75 Years of Navy Women:
17 Things You Should Know About the WAVES
Early in World War II, confronting enemies on two fronts, the U.S. military faced a serious manpower shortage. It turned, somewhat reluctantly, to women. As yeoman (F) in the Navy during World War I, women had already proved themselves capable of taking over support and administrative jobs, thereby freeing men for combat.
1. On July 30, 1942, President Franklin D. Roosevelt signed Public Law 689, establishing a women's branch of the Naval Reserve, also called the Women Accepted for Volunteer Emergency Service program - universally known as the WAVES.
2. Future Lt. Elizabeth Reynard, a professor at Barnard College in New York who served as an advisor for the development of the Women's Reserve, coined the WAVES acronym on a train trip from Washington to New York. She knew it needed to include 'W' for women and 'V' for voluntary to emphasize that women would be choosing to serve.
3. More than 80,000 women joined the WAVES during World War II, freeing thousands of male Sailors for combat. They filled hundreds of ratings and billets in fields such as intelligence, supply, clerical work, stenography, air traffic control, truck driving, mechanics, parachute rigging, meteorology and physiotherapy. They served as laboratory technicians, X-ray technicians, decoders, interpreters and cooks. Many WAVES also became instructors, in navigation and aviation gunnery, for example, teaching male Sailors how to do their jobs.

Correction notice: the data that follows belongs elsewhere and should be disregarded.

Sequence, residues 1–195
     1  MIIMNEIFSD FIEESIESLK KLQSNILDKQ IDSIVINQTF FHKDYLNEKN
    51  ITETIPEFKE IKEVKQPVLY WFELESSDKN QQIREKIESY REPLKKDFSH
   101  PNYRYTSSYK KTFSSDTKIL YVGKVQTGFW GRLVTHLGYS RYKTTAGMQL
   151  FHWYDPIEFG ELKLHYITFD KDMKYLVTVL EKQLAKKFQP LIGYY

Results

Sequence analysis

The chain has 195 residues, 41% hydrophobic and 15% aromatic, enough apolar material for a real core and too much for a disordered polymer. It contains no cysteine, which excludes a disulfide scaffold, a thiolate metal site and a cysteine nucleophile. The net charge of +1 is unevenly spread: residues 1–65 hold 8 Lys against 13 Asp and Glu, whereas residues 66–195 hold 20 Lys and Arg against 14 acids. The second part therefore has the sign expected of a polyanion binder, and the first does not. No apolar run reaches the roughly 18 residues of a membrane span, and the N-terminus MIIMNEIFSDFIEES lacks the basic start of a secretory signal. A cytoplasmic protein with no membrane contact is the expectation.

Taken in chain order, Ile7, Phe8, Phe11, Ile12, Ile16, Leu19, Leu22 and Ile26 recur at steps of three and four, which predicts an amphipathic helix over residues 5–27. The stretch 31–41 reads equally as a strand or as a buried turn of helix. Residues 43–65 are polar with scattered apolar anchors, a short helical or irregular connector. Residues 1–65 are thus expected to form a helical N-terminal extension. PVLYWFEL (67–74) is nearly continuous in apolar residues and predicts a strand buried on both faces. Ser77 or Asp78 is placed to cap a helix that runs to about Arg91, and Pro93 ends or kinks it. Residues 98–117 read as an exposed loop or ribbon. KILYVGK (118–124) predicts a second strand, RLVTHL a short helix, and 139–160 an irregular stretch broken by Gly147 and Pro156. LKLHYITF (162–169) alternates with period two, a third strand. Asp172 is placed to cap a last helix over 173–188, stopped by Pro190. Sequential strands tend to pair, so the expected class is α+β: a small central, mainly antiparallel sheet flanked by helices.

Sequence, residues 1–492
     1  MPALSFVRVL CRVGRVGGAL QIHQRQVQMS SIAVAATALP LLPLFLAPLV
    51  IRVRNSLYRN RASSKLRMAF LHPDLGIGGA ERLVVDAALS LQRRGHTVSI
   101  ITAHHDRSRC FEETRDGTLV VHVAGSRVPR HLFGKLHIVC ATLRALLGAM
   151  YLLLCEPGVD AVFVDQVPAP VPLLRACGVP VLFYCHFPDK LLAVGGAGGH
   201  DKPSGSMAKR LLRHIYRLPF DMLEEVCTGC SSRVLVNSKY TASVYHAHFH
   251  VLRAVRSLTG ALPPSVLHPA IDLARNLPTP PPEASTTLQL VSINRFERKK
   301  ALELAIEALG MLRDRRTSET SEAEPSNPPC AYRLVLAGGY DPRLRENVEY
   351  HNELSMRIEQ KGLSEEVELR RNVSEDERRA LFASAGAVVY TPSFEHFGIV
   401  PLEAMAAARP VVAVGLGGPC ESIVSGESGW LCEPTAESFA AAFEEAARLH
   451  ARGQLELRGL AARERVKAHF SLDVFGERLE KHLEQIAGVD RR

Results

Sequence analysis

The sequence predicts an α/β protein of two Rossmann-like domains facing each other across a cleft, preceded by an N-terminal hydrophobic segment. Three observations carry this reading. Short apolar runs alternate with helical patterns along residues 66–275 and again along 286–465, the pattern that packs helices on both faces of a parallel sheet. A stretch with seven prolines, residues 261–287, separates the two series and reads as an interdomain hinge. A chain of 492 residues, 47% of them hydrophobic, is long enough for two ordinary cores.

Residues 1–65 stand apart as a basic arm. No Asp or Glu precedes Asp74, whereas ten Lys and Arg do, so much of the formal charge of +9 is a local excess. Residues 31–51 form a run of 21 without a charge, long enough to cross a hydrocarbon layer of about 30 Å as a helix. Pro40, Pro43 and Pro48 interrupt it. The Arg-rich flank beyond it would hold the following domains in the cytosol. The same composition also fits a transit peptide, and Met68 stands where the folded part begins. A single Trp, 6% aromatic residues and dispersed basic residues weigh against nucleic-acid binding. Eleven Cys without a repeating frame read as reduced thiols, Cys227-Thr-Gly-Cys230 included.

4. Lieutenant Cmdr. Mildred H. McAfee, the president of Wellesley College in Massachusetts, became the first woman to be commissioned into the U.S. Navy in 1942. Soon promoted to captain, she served as the first director of the WAVES.
5. Robert Main Boucher of the Mainbocher fashion house in New York designed the WAVES' uniforms at no cost to the U.S. government. Women found the dress uniforms rather glamorous, with some recruits saying they chose the Navy instead of the Army specifically because of the uniform. The current women's naval uniform is still based on the Mainbocher designs.